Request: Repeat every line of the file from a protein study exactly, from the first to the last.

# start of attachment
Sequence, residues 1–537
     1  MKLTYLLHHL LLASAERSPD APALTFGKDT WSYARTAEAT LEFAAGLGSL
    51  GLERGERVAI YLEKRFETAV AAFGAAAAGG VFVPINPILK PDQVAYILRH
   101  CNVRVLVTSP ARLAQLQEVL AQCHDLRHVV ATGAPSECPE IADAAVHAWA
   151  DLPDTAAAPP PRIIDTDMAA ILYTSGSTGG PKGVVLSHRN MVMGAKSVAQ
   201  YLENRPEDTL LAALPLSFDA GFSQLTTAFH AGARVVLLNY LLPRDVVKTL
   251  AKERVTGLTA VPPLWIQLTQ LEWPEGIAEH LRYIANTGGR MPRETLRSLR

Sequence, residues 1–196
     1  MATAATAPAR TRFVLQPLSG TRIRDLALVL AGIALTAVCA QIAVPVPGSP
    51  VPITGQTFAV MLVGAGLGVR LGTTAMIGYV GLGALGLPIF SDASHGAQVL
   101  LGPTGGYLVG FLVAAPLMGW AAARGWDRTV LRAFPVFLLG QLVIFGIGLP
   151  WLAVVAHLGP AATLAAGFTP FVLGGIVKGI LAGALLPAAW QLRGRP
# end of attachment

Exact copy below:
Sequence, residues 1–537
     1  MKLTYLLHHL LLASAERSPD APALTFGKDT WSYARTAEAT LEFAAGLGSL
    51  GLERGERVAI YLEKRFETAV AAFGAAAAGG VFVPINPILK PDQVAYILRH
   101  CNVRVLVTSP ARLAQLQEVL AQCHDLRHVV ATGAPSECPE IADAAVHAWA
   151  DLPDTAAAPP PRIIDTDMAA ILYTSGSTGG PKGVVLSHRN MVMGAKSVAQ
   201  YLENRPEDTL LAALPLSFDA GFSQLTTAFH AGARVVLLNY LLPRDVVKTL
   251  AKERVTGLTA VPPLWIQLTQ LEWPEGIAEH LRYIANTGGR MPRETLRSLR

Sequence, residues 1–196
     1  MATAATAPAR TRFVLQPLSG TRIRDLALVL AGIALTAVCA QIAVPVPGSP
    51  VPITGQTFAV MLVGAGLGVR LGTTAMIGYV GLGALGLPIF SDASHGAQVL
   101  LGPTGGYLVG FLVAAPLMGW AAARGWDRTV LRAFPVFLLG QLVIFGIGLP
   151  WLAVVAHLGP AATLAAGFTP FVLGGIVKGI LAGALLPAAW QLRGRP